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Problem Gambling Inquiry For Victoria


Wednesday, 27th June 2012 at 3:17 pm
Staff Reporter
The Victorian Coalition Government is to conduct an inquiry into the economic and social costs of problem gambling, describing it as the first of its kind in Australia.


Wednesday, 27th June 2012
at 3:17 pm
Staff Reporter


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Problem Gambling Inquiry For Victoria
Wednesday, 27th June 2012 at 3:17 pm

The Victorian Government is to conduct an inquiry into problem gambling

The Victorian Coalition Government is to conduct an inquiry into the economic and social costs of problem gambling, describing it as the first of its kind in Australia.

Treasurer Kim Wells said the Coalition Government is delivering on its election commitment to have the Victorian Competition and Efficiency Commission (VCEC), as an independent body, undertake the inquiry.

“The inquiry will contribute to an important body of knowledge and better inform the community of the costs of problem gambling not just to individuals but also to families, businesses and government,” Wells
said.

"The commitment followed an Auditor-General's report which found the former Labor Government's problem gambling strategy was based on no evidence, had no targets and could not be assessed.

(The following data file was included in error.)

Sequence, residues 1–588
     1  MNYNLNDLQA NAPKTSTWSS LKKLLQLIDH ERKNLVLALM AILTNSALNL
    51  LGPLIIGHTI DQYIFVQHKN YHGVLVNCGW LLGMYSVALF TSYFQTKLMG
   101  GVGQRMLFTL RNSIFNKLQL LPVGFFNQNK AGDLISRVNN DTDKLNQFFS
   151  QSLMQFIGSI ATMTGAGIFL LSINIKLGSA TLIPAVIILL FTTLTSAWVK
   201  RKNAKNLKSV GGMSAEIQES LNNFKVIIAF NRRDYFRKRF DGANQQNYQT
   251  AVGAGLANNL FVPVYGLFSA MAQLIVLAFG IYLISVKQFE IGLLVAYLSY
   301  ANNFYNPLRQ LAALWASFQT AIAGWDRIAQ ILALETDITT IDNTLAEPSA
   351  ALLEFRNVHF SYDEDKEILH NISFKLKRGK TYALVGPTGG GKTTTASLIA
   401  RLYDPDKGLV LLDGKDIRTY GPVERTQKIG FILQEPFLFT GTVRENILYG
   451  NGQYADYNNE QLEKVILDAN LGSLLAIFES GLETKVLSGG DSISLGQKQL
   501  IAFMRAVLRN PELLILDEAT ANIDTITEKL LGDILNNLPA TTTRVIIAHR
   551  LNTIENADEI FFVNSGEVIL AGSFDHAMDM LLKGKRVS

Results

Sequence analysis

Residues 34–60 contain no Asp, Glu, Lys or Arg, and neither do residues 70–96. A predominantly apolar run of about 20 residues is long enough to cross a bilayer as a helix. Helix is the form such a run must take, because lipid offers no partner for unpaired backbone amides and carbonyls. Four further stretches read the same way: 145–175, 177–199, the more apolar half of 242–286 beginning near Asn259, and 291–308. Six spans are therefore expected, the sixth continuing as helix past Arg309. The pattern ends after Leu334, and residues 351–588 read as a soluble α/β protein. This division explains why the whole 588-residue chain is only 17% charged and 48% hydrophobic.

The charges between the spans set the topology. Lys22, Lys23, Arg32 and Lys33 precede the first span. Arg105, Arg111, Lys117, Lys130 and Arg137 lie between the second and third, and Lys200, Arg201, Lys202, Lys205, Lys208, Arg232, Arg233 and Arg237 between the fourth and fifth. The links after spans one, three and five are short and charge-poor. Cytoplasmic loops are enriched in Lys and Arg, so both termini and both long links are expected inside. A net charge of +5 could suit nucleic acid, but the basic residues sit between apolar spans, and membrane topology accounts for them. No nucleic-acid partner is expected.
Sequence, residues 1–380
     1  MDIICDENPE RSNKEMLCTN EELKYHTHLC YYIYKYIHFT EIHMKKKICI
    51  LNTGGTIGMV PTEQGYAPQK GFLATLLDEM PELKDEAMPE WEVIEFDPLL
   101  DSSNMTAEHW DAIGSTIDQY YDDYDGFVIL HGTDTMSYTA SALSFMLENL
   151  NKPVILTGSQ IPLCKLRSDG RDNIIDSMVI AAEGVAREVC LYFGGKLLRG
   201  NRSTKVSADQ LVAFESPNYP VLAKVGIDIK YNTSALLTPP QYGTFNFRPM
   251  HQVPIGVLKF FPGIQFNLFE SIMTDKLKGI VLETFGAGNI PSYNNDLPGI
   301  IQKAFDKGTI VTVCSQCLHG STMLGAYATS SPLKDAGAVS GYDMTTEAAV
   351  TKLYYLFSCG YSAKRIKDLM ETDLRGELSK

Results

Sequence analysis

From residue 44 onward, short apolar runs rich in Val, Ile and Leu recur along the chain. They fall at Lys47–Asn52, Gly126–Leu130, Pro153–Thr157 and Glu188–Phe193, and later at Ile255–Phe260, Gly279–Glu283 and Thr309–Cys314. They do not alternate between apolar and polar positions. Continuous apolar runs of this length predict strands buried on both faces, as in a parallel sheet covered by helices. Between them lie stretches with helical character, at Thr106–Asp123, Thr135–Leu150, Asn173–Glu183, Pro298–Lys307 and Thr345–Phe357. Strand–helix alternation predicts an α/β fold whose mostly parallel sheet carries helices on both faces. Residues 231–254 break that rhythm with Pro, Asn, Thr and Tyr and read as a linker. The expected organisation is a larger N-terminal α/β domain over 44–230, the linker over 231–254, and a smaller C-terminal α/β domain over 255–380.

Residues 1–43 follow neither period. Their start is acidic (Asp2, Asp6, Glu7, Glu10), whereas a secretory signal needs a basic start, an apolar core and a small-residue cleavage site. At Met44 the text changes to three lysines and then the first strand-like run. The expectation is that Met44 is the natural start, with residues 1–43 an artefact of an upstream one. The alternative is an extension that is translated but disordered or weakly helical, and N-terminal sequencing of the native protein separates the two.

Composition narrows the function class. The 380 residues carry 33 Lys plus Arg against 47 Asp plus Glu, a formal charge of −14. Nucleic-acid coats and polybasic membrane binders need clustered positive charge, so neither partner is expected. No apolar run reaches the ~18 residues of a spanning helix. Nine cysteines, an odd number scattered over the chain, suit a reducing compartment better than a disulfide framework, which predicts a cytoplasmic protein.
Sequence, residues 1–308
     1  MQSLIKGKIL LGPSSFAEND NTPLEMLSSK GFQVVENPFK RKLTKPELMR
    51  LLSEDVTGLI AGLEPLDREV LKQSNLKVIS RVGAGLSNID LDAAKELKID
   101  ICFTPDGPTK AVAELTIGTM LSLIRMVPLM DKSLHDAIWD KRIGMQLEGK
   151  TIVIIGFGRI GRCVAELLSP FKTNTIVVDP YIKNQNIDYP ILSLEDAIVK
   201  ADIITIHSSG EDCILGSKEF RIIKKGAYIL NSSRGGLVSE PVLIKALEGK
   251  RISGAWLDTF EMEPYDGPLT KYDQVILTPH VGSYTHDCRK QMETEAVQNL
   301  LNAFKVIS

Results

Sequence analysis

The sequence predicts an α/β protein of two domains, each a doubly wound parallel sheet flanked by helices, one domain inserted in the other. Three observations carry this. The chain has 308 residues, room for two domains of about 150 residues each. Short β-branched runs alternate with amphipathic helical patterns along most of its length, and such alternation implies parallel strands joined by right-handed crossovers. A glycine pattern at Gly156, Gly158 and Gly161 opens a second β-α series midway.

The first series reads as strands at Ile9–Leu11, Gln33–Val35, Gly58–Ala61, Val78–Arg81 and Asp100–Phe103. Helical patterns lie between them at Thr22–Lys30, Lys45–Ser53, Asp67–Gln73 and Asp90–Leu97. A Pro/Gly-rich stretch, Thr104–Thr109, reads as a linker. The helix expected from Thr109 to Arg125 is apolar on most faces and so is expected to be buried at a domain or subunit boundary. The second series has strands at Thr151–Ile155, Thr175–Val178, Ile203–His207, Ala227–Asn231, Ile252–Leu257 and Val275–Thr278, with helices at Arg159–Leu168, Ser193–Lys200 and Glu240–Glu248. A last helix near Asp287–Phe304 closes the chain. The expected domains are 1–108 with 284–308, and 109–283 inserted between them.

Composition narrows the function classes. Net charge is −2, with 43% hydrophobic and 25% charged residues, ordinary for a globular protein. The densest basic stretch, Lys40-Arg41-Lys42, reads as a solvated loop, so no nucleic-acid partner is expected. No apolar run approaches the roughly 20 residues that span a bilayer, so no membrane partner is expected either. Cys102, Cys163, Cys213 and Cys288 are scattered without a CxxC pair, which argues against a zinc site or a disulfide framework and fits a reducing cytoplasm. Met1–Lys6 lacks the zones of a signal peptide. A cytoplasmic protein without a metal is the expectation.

"The inquiry will ensure the government and the community knows the true social and economic costs of problem gambling.”

Gaming Minister Michael O’Brien said while gambling taxation revenue was often the focus of debate about the role of government in regulating gambling, there was insufficient information about the economic costs of problem gambling to government and others.

“We know through involvement with the criminal justice system, mental health and social welfare services among others that problem gambling imposes a significant cost on government, as well as others in the
community,” O’Brien said.

“Evidence gathered by this inquiry will contribute to a better informed public debate on these issues.

“The Coalition Government views problem gambling as a significant social and economic issue and we are committed to the pursuit of an evidence-based approach to tackling it.”

As part of its inquiry, VCEC has been requested to consult with a broad range of stakeholders including responsible gambling and welfare organisations, health and community groups, the gambling industry, business and relevant government agencies.

The inquiry is expected to take six months to complete, with the final report to be provided to the Treasurer by 14 December 2012. Terms of reference can be found on VCEC’s website.

See our cartoonist Simon Kneebone's take on this story.



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